Now you see it, but next week you won't! The barn, as we know it, is to be demolished over the weekend. On Monday, the site will be unsightly, and there may be restricted traffic access. This stage is unavoidable, but hopefully, will be brief. We're sorry, in advance, for any inconvenience. Keep the vision of the finished product in mind!
After the building comes down, preparations will be made for the demolition of the concrete slab which is slated for Sat. & Sun. 9/14-15.
Stay tuned for more updates...
by Leland Smith, Barn Project Chair, August 30, 2013
Dear Hilltop Families and Staff,
I am thrilled as chair of the Barn Re-Build team to tell you that the long awaited start of the Barn Project is underway!
It has been a frustrating and bureaucratic summer of trying to negotiate the different fire safety codes. It was our understanding that we didn't need to install a sprinkler system according to our use of the building. However, the Fire Safety Inspector from Montpelier thought differently. On Monday, August 26 the building committee comprised of Bob Stevens, Stevens & Associates, Frank Balla, Stevens & Associates architect, Moss Kahler, our Owner's Representative and alumni parent, Dave Snyder and Jenny Smith, current parents, Tonia Wheeler, former Head, and I, current parent, met to review the final sticking point that was holding up the project: was sprinkling the building really a requirement?
After reviewing the options, it was decided that it was in the school's best interest to install the sprinkler system.
As you may have guessed, the cost of the sprinkler system is not cheap - a whopping $150,000, to be exact, which brings the project cost to approximately 1.85M. Yes, this means we have some hard work ahead of us! We know now that we will need to pay for the sprinkler system in addition to the desired theater equipment. The dream can come true if all of us make the effort!
The demolition of the building will hopefully begin by the end of next week. It will be well contained and not pose a hazard to our community. Ingram Construction has kindly agreed to do the loud demolition work of removing the slab after school hours and on weekends. The project site is fenced in and the gates will be open for drop off and pick up each day. While the barn and its fence is indeed an eye sore, the light at the end of the tunnel is a theater, gym, and classroom building beyond our wildest dreams!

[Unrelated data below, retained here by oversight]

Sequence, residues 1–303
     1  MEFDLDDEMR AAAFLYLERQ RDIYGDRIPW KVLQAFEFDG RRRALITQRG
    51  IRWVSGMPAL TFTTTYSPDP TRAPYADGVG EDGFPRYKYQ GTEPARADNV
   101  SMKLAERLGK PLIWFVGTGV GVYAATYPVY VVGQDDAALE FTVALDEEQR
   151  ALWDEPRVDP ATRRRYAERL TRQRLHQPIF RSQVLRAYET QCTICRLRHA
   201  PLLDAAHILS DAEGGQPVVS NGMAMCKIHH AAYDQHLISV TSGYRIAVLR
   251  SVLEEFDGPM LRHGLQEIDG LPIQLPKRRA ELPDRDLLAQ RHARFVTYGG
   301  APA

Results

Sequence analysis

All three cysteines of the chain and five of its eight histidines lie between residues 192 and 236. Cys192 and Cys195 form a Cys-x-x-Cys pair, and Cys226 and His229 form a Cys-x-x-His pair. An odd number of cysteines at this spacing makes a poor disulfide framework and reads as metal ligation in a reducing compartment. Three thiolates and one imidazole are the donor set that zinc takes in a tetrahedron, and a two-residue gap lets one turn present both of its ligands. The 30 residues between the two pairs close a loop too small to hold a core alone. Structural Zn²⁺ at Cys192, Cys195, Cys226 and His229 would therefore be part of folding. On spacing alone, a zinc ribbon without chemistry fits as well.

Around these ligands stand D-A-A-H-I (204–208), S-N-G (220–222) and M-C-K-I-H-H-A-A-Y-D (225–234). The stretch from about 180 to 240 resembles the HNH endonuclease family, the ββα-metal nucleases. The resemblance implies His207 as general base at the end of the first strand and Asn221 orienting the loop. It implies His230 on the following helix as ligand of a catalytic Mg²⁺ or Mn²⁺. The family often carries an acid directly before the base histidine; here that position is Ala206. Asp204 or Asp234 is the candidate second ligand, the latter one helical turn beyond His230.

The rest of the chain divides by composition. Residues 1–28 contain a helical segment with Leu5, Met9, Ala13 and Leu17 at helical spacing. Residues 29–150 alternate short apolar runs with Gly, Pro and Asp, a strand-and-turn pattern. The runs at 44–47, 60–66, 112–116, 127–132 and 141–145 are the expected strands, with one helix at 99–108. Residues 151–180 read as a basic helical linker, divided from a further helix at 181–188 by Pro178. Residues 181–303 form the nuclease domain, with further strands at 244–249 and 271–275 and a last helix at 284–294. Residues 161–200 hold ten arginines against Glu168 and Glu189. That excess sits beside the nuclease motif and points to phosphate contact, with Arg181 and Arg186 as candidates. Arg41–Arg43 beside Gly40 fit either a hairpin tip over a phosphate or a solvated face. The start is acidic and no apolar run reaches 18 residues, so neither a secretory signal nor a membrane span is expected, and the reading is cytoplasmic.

I look forward to the project getting underway!!
Until my next update,
The Barn Re-Build Team:
Leland Smith (parent and Chair)
Tonia Wheeler (former Head of School)
Dave Snyder (parent)
Jenny Smith (parent)
Moss Kahler (Our Owners Representative)
Stevens & Associates (architects)
Ingram Construction (builders)
Click here to see a floor plan of the new building
Click here to see elevation renderings
Moments - Spring Newsletter
Click here for a pdf version of our newsletter, filled with photos, updates and Q&A with incoming staff.
Hilltop Montessori School receives grant for recent Middle School odyssey to Alabama
BRATTLEBORO—Hilltop Montessori School recently received a $2,000 grant from the Vermont Community Foundation’s Small and Inspiring grants program for its recent middle school trip to Alabama, which offered students the opportunity to live and breathe the Civil Rights movement after an intense period of study on the topic. Read the full article.
From Vermont with Love - Middle School Students Create Quilt for Alabama Odyssey Trip